The benefit to them is that they sell the car, mattress, or computer today that you, the interest avoiding consumer, would not have bought until next month if you were paying cash. It's not much different than an infomercial offering 4 easy payments of $9.99. Less pain up front makes you more likely to buy now.

Even the credit card companies, contrary to popular belief, are thrilled to have someone like gravedigger use their credit card on everything and pay it off each month for no interest. Don't forget about transaction fees; they may not be charging you, but they are charging the retailer.

TINSTAFL, but sometimes you can get a third party to pay for that lunch.

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TINSTAFL, but sometimes you can get a third party to pay for that lunch.

Yes, the retailers pass those costs onto everyone, including those paying cash. I would like to thank all the cash paying DR followers for subsiding my credit card rewards! Edited by Butters

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You're confusing revolving credit with a car loan. A 0% APR loan on a car, or computer, or vacuum cleaner is not only a real offer with no strings (most of the times), it's fairly common. You see them offered by either the manufacturer (the actual Ford corporation, not the dealer) or the retailer (Newegg.com), rather than an third-party bank.

The benefit to them is that they sell the car, mattress, or computer today that you, the interest avoiding consumer, would not have bought until next month if you were paying cash. It's not much different than an infomercial offering 4 easy payments of $9.99. Less pain up front makes you more likely to buy now.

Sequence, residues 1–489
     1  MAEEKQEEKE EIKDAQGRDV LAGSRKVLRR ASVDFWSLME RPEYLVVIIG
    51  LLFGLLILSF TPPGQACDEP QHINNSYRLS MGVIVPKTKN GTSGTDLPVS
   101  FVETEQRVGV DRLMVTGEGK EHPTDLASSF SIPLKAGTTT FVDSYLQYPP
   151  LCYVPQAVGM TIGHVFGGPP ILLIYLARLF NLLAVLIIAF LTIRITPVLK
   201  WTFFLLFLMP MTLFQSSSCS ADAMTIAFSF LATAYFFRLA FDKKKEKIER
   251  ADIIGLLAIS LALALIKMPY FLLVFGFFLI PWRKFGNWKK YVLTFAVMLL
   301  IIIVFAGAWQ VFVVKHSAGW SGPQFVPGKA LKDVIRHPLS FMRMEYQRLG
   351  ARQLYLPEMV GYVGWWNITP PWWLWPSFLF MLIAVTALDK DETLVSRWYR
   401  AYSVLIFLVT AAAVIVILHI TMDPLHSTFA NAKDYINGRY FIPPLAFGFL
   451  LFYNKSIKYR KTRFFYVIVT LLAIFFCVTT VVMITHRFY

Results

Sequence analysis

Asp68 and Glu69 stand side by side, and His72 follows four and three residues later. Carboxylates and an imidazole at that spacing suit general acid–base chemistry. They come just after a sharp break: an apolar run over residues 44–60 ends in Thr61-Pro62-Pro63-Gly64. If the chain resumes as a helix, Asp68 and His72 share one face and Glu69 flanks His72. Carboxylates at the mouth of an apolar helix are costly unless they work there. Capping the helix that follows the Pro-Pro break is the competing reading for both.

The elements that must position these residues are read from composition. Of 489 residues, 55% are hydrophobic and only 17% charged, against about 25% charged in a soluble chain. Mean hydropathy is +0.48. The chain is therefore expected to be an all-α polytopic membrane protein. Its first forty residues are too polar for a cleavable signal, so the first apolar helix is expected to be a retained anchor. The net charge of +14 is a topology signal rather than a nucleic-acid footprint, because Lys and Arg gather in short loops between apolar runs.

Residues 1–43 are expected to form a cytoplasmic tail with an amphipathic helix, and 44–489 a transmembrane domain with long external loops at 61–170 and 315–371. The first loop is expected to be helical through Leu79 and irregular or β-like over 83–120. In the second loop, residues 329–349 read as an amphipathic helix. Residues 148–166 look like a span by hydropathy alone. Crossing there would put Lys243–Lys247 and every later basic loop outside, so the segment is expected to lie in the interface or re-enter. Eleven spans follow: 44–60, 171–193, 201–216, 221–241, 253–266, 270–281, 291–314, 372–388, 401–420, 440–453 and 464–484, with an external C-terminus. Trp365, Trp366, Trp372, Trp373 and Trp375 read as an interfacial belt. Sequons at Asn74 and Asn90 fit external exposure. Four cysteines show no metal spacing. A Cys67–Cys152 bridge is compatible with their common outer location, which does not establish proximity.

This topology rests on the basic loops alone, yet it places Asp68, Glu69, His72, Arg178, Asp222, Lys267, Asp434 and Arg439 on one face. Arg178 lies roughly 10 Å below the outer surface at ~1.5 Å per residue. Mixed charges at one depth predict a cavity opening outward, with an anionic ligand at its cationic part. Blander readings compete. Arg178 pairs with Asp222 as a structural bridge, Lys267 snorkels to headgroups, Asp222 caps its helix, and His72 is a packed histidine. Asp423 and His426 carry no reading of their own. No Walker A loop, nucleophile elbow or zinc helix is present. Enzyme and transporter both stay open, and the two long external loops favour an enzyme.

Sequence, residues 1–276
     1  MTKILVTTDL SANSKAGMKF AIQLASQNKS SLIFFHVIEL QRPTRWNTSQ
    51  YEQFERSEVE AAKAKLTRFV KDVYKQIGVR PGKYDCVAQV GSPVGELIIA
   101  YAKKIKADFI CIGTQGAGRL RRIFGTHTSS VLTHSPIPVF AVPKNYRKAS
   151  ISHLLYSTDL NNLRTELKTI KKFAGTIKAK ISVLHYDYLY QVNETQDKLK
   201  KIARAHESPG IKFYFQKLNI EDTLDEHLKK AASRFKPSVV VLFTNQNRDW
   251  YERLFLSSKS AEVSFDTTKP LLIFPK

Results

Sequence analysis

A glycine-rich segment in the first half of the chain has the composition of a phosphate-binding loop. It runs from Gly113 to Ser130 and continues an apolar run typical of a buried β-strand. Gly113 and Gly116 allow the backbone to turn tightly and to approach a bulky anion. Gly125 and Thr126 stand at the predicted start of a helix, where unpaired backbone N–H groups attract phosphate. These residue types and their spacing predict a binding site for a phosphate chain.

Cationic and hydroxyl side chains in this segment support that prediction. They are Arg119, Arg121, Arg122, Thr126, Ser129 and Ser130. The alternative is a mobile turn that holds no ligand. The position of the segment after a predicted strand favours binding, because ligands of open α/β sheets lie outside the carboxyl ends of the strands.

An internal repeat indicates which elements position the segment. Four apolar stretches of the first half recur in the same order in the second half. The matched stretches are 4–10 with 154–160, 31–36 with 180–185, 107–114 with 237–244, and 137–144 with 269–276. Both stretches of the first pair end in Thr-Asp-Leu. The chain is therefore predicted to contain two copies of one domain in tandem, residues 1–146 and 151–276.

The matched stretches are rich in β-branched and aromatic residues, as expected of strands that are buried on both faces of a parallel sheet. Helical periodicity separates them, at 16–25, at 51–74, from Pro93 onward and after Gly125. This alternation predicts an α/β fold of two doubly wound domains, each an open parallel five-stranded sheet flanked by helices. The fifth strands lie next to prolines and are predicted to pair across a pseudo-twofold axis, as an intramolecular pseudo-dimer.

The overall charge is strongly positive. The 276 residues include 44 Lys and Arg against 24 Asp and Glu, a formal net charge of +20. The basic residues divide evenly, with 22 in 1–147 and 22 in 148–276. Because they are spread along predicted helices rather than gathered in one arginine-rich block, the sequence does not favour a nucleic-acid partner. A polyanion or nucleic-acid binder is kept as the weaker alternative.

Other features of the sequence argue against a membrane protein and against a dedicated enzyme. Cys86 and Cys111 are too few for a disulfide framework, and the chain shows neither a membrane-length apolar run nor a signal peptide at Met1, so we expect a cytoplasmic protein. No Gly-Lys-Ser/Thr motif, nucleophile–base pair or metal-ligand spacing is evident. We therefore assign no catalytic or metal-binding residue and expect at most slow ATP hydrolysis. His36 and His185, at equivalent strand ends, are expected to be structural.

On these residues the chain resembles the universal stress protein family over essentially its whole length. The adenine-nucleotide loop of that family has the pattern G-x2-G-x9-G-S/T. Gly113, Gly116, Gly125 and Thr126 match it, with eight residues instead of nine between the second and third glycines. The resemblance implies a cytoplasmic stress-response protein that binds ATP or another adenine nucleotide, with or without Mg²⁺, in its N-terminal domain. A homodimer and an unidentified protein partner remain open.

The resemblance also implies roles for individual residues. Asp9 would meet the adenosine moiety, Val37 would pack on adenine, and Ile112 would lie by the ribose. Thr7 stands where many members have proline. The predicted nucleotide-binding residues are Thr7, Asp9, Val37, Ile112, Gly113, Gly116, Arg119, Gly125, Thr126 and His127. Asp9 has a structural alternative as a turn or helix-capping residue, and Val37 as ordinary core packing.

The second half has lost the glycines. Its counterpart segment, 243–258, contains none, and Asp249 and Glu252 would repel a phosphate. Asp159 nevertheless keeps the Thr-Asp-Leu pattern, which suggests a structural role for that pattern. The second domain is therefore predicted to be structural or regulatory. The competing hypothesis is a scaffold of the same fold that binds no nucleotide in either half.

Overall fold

Even the credit card companies, contrary to popular belief, are thrilled to have someone like gravedigger use their credit card on everything and pay it off each month for no interest. Don't forget about transaction fees; they may not be charging you, but they are charging the retailer.

I am aware of the difference. O% Apr is to get you in the door and buy the vehicle (insert noun) at their planned price and not one cent lower. If you are willing to pay interest through their banks you can buy the same thing at an even lower price bit the overall cash paid, accounting for inflation, is still the same. Yes, some people prosper off of other people actually not paying off their balances but it isn't you the consumer, it is the shareholder.

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I am aware of the difference. O% Apr is to get you in the door and buy the vehicle (insert noun) at their planned price and not one cent lower. If you are willing to pay interest through their banks you can buy the same thing at an even lower price bit the overall cash paid, accounting for inflation, is still the same. Yes, some people prosper off of other people actually not paying off their balances but it isn't you the consumer, it is the shareholder.

Not always true, though a savvy dealer will try to make you think that.

Most times the agreed price and the financing are separate for the 0% deals. The 0% financing comes from the manufacturer, not the dealer or his partner bank, and is not affected by price since the manufacturer charged true invoice regardless of what the dealer convinced you to pay.

Now, the dealer will try to keep the price higher by any means, to include implying that the low financing rate somehow merits a higher price. A skilled buyer will go into the dealer claiming he does not plan to finance, negotiate the cash price to a defined number, then ask about manufacturer 0% financing. They'll fuss, but not enough to make you leave.

Again, this only works for manufacturer incentives, since their target is volume.

Edited by Lord Ratner